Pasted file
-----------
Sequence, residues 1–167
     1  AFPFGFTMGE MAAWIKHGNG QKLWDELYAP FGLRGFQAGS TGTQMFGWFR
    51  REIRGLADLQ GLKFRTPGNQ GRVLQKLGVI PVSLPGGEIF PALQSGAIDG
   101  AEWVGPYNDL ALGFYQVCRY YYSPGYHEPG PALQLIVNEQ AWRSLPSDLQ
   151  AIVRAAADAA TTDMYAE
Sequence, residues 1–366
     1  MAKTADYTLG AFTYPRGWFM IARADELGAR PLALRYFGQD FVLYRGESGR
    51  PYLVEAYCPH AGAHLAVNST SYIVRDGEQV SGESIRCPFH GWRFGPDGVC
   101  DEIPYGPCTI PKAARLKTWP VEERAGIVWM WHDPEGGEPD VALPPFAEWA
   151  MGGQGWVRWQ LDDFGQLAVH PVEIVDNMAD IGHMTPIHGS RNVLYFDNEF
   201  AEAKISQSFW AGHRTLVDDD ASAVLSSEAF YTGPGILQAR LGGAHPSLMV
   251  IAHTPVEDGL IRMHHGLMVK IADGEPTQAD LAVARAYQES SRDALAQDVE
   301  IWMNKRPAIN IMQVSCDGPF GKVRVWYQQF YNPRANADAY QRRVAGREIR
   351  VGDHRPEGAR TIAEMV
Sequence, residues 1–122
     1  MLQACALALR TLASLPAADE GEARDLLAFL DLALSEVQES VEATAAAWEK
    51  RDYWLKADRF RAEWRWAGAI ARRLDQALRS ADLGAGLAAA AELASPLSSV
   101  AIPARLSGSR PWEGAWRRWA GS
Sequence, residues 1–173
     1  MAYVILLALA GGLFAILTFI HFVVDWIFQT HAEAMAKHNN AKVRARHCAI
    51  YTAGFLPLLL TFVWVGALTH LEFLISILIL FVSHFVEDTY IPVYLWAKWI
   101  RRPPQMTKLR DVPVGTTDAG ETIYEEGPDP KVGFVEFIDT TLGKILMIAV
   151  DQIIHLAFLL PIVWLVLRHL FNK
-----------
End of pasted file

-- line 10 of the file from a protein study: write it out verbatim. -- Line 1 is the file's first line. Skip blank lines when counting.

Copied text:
   151  MGGQGWVRWQ LDDFGQLAVH PVEIVDNMAD IGHMTPIHGS RNVLYFDNEF